Case Example

“Thomas” is a 10-year-old patient who experiences difficulties with depression and social isolation. As a native Spanish speaker in a rural Texas community, Thomas needed a bilingual psychiatrist with whom he could have regular appointments to build a relationship and get the treatment he needed.

Thomas and his family sought out a CMHC that covers 9 counties in central Texas. This CMHC had recently begun utilizing a telepsychiatry partner to expand its services. That partnership decreased their 9-month wait time for an appointment to 2 months, which allowed Thomas’s family to get their son the care he needed.

Concluding Thoughts

As we look forward to a future where telehealth plays a much more significant role in long-term mental health care, it is important to think creatively about where we can insert telehealth services to make the biggest impact on children. The next steps to building a better system through virtual care may include incorporating telepsychiatry appointments into schools; increased partnership between health care organizations and formal telepsychiatry organizations who can help them access nonlocal providers to address their community needs; and making referral resources readily available for patients and families looking to get their child seen by a high-quality psychiatrist.

The most important thing practitioners and health care organizations can do right now is continue thinking about ways to increase access. It is crucial that mental health services do not move backward and, instead, embrace virtual care as integral to their future operations. 

Dr Mullare is a double-boarded psychiatrist with nearly 20 years’ experience and is currently the Medical Director of Outpatient Services at Iris Telehealth.

References

1. National Council for Mental Wellbeing. New study reveals lack of access as root cause for mental health crisis in America. News release. October 10, 2018. Accessed September 9, 2021. https://www.thenationalcouncil.org/press-releases/new-study-reveals-lack-of-access-as-root-cause-for-mental-health-crisis-in-america/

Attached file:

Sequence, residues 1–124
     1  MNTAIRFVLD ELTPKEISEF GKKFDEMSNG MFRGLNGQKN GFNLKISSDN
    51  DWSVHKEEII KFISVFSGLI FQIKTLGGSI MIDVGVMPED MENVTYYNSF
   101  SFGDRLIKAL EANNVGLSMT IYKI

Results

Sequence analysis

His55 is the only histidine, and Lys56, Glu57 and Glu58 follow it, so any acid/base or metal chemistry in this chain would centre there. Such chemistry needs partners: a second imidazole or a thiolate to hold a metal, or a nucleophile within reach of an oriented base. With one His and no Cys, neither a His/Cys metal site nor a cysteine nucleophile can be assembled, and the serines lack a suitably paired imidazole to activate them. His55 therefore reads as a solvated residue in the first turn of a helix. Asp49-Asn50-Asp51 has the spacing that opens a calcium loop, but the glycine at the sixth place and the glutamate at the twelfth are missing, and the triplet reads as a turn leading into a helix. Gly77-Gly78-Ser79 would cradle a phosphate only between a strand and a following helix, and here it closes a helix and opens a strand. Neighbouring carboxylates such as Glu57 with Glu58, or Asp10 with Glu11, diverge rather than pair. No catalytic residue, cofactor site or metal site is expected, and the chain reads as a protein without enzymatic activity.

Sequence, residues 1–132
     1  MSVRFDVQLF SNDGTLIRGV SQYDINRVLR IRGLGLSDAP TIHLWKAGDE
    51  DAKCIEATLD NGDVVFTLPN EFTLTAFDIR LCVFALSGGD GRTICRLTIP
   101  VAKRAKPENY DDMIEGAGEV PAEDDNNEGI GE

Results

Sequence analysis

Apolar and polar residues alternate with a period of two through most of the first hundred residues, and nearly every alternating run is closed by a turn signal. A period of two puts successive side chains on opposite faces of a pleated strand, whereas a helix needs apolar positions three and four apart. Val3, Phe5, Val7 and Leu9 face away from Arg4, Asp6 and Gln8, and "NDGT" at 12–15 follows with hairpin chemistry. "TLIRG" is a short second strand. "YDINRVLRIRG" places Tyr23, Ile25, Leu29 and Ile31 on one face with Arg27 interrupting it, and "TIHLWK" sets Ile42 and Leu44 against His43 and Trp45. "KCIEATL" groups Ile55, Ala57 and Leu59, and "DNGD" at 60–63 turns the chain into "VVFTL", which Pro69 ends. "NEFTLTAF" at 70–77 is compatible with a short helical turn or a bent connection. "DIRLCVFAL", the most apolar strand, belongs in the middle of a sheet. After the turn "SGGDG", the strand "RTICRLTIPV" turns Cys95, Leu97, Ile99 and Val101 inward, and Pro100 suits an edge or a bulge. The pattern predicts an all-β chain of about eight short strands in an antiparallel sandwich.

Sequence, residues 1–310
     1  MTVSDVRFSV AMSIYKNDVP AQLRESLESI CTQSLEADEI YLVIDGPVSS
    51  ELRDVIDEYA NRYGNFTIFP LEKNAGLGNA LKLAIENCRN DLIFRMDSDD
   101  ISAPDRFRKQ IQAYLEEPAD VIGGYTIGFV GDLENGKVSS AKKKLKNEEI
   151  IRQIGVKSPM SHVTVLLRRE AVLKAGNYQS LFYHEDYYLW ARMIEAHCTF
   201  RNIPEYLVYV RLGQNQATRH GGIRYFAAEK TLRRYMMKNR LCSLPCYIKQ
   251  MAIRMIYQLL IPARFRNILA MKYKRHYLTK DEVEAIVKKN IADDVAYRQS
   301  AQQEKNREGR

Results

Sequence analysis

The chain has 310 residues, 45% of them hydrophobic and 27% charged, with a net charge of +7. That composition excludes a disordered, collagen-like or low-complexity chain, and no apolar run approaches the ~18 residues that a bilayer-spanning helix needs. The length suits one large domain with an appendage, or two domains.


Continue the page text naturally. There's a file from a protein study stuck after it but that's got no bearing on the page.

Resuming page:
2. National Council for Mental Wellbeing, Medical Director Institute. The psychiatric shortage: causes and solutions. March 29, 2017. Accessed September 9, 2021. https://www.thenationalcouncil.org/wp-content/uploads/2017/03/Psychiatric-Shortage_National-Council-.pdf

3. Loades ME, Chatburn E, Higson-Sweeney N, et al. Rapid systematic review: the impact of social isolation and loneliness on the mental health of children and adolescents in the context of COVID-19. J Am Acad Child Adolesc Psychiatry. 2020;59(11):1218-1239.

4. Leeb RT, Bitsko RH, Radhakrishnan L, et al. Mental health-related emergency department visits among children aged <18 years during the COVID-19 pandemic — United States, January 1–October 17, 2020. MMWR Morb Mortal Wkly Rep. 2020;69(45):1675-1680.

5. Centers for Disease Control and Prevention. Data and statistics on children’s mental health. March 22, 2021. Accessed September 9, 2021. https://www.cdc.gov/childrensmentalhealth/data.html

6. American Psychiatric Association. New nationwide poll shows an increased popularity for telehealth services. May 27, 2021. Accessed September 9, 2021. https://www.psychiatry.org/newsroom/news-releases/New-Nationwide-Poll-Shows-an-Increased-Popularity-for-Telehealth-Services